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The Reculver Columns

The Reculver Columns


Anyone who has driven parallel to the North Kent coastline will be familiar with the imposing sight of the ruins of St Mary’s Church in Reculver. Located three miles east of Herne Bay, they stand tall and stark against the skyline, an unmistakeable local landmark. The name Reculver has come from Regulbium, in Celtic times meaning ‘at the promontory’, then with the arrival of the Romans Raculfceastre (Ceaster meaning Roman walled town), which then became the Old English Raculf. It was home to a Roman fort and a large town; whilst lots of the evidence has disappeared due to erosion, there are remains of some structures, and evidence of hypocausts and wells have been found. Archaeological evidence points towards the settlement’s abandonment in the 360s.

Due to its geographical location, Reculver became an important trading town on the Wantsum Channel. As part of the estate of King Aethelbert there was maybe a settlement built on the ruins of the fort but in 669 a monastery was built and dedicated to St Mary. There is a legend that in the 15th century two sisters, both well connected, one the Abbess of Faversham, were taking a journey to Broadstairs to give thanks at a church there, when they were shipwrecked and rescued off the coast at Reculver. Both sisters survived their ordeal but one died later as a consequence of the experience. In her memory her sister erected two spires on top of the existing towers which became known as ‘The Twin Sisters.’

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Due to erosion, storm damage and reductions in trade, Reculver in its original location declined and the settlement moved a little further inland to Hillborough. This included the establishment of a new St Mary’s Church. The original church was demolished in 1809 only leaving the towers in place as a navigational aid for sailors.

In 1852 Mr Joseph Brigstocke Sheppard, a chemist, doctor and later keeper of the Cathedral’s archives, visited a friend’s orchard near Canterbury and noticed large stone drums which he recognised as those that made up columns from the old church at Reculver. He mentioned this to Charles Roach Smith who had previously written a piece on Reculver entitled Antiquities of Richborough, Reculver and Lymme. This discovery set in motion a correspondence between Mr Roach Smith and Canon Robertson about Canterbury Cathedral purchasing and displaying the remains of the columns within the Precincts so they could be protected and seen by many.

Mr Sheppard found a further section of the column in a farmyard in Reculver. The two complete columns were then transported and displayed in the Water Tower Garden. They remained there until 1932 when inclement weather and fear for their future meant that the columns were moved into the Crypt with the assistance of a donation of £144 from the Friends of Canterbury Cathedral. That is why when one enters the south side of the eastern Crypt one will find two very large columns reaching almost to the ceiling. The columns, thought to be from the 670s, are made up of ten drums in a very simple design standing on round moulded plinths and with square moulded capitals.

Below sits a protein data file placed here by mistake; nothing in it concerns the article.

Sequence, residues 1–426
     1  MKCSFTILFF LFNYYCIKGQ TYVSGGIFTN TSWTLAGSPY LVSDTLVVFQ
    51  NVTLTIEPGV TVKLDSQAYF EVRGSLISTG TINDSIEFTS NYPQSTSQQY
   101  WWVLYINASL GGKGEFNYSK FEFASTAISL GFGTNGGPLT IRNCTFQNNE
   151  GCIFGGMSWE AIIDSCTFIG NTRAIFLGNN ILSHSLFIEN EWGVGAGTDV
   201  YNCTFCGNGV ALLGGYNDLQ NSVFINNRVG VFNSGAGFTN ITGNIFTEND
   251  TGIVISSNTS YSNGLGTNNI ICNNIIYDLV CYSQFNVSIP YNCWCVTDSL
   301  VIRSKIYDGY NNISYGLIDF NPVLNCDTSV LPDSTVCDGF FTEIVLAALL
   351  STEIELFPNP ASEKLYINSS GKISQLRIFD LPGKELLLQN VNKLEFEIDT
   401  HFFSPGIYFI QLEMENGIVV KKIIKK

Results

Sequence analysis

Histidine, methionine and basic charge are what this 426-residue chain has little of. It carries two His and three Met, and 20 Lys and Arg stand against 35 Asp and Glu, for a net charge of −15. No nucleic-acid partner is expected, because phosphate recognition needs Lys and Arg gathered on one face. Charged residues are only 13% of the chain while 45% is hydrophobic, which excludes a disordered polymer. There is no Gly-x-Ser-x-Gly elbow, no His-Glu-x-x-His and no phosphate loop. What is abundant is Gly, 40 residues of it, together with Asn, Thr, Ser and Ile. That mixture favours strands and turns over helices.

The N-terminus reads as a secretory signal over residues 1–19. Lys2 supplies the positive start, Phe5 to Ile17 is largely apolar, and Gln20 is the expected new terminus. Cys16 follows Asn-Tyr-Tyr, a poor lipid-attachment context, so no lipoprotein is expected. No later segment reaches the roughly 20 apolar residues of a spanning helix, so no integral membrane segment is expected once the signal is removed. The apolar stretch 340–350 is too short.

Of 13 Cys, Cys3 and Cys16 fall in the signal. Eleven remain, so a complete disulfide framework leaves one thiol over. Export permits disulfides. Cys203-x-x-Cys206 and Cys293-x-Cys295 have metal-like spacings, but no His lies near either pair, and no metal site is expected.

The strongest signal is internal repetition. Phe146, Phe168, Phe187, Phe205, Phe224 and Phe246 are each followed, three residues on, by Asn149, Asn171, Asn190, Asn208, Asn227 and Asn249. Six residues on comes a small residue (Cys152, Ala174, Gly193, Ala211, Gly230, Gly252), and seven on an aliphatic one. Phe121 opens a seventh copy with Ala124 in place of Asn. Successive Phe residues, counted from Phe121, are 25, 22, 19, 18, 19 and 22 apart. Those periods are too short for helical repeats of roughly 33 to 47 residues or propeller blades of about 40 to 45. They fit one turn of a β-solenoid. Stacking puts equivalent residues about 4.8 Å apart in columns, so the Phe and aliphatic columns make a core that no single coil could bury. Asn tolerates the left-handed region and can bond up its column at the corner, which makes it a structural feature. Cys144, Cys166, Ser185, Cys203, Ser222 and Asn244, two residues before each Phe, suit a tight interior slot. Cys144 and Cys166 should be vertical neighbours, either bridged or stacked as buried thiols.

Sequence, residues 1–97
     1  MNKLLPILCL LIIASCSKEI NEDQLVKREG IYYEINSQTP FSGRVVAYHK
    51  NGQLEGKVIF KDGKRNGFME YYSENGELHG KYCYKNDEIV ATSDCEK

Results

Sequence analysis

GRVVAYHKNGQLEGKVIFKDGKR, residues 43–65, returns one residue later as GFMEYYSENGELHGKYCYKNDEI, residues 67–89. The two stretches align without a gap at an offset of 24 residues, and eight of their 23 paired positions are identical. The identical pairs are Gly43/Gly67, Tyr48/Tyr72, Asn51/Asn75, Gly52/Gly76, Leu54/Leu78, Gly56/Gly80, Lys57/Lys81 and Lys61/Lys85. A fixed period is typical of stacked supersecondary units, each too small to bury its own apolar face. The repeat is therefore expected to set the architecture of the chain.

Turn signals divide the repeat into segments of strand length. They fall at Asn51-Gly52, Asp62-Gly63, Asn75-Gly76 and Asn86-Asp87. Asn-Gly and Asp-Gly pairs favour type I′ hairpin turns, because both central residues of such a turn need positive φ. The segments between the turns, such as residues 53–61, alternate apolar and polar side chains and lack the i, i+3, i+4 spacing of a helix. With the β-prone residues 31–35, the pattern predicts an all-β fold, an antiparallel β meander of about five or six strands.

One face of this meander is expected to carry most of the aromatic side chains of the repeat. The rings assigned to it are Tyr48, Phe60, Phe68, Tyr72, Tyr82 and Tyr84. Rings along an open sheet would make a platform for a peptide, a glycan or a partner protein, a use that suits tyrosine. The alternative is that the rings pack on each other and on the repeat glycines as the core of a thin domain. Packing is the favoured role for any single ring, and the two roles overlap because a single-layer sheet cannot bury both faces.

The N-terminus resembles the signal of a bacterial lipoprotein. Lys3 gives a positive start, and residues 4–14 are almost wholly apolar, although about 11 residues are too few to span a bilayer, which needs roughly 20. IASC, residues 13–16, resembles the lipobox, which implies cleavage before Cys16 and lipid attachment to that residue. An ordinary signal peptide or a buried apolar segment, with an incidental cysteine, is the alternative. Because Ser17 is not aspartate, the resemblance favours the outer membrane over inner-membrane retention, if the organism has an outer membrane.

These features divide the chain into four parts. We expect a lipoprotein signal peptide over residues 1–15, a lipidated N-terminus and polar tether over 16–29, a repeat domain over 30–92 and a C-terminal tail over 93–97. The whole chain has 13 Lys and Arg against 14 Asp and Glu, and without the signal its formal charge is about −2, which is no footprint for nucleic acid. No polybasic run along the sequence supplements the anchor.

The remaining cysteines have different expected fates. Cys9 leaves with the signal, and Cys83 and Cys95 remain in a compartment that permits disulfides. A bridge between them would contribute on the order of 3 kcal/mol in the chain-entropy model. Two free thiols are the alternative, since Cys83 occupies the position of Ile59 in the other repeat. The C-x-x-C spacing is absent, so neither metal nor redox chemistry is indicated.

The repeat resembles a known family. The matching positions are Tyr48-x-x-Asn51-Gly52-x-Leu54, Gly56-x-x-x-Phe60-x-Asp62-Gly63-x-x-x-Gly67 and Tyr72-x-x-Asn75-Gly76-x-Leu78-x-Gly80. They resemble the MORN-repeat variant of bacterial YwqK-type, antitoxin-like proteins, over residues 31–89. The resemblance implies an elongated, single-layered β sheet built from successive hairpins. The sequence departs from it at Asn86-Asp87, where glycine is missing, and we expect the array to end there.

Reculver’s interesting story didn’t stop with the settlement’s economic and strategic decline. In the late 16th century it was the parish of the Reverend Robert Hunt, who went on to be a part of the Virginia Expedition, landing in the Americas on the 26th April 1607, after an eventful and traumatic journey, and playing a part of the creation of Jamestown. By all accounts he proved himself to be hard working, well respected and admired for his stoicism and willing to assist in all aspects of frontier life. He died in 1608 and his epitaph, written by Captain John Smith,  illustrates the feelings of his comrades: ‘Our factions were oft qualified, and our wants and greater extremities so comforted that they seemed easie in comparison of what we endured after his memorable death.’  In 2015 Forensic Anthropologists confirmed that they had identified Robert Hunt’s remains at the Jamestown site as part of an archaeological dig by the Smithsonian Institute. More information about the dig and its finds can be seen here. Whilst Hunt took most of his collection of books with him there is one held here at Canterbury Cathedral Library.

A more recent chapter in Reculver’s history is that of it being used as a test site for Barnes Wallis’ Bouncing Bomb. The geographical make-up and seclusion of the coast provided a good testing ground for the bomb. In the 1990s four previously un-retrieved inert bombs were removed from the sea and are now on display at various Kent sites.

We are often asked how we came to have two large columns in the Crypt, sourced from another Kentish church so it seemed only fitting to tell some of their story. The relationship with the Cathedral and local parishes goes back a long way and it continues to this day. To care for and preserve a part of such an iconic site here at Canterbury Cathedral is a great privilege and after visiting them at the Cathedral, I would recommend visiting their original site too, just maybe not on a cold winter’s day!


By Madylene Outen

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